Ruth Rendell has probably pulled more surprises on her readers than any other crime writer. But the one she produces with her latest novel is a little unusual even by her standards. Set in the present, The Vault (Hutchinson, £18.99) deals with the discovery of four corpses in the disused coal hole of a Georgian cottage in St John’s Wood. The main investigator is Rendell’s long-running series hero, Chief Inspector Wexford, now retired and living part-time in Hampstead. Called in, a little implausibly, as a police adviser, he copes with what are in effect two murder cases, with different timescales, victims, motives — and killers. He and his wife Dora also find the time to sort out a potentially lethal phase in the love life of their feckless middle-aged daughter.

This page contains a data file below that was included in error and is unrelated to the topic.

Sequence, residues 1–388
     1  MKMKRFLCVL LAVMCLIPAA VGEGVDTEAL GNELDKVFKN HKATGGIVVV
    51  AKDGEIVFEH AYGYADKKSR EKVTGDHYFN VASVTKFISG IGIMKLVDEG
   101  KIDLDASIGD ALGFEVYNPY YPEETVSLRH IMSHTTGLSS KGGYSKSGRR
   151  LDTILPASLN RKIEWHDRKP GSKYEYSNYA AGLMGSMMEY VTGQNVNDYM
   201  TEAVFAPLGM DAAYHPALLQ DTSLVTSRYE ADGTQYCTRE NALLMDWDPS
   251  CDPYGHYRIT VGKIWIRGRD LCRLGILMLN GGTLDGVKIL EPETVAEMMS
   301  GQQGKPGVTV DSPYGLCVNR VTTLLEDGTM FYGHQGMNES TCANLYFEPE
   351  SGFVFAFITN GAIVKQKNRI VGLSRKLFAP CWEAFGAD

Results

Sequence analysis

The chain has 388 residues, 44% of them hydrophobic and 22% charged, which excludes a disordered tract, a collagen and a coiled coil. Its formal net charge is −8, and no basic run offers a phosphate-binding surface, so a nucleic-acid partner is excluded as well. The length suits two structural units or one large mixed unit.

But Wexford learns only part of the story. Rendell’s more dedicated readers will know more — for the real surprise is that the murder location, Orcadia Cottage, was also the principal setting of her non-series psychological thriller, A Sight for Sore Eyes, a stark fable about the price of love and lovelessness; this came out in 1998 and has now been reissued in paperback. Here she provided a very different perspective on the sequence of events that brought three of the four corpses to the coal hole.
The Vault is a little too discursive to be Rendell at her very best, and Wexford sometimes seems to be too good to be true. But the novel is sharp, astringent and humane. Even a second-division Wexford novel is something to be cherished.
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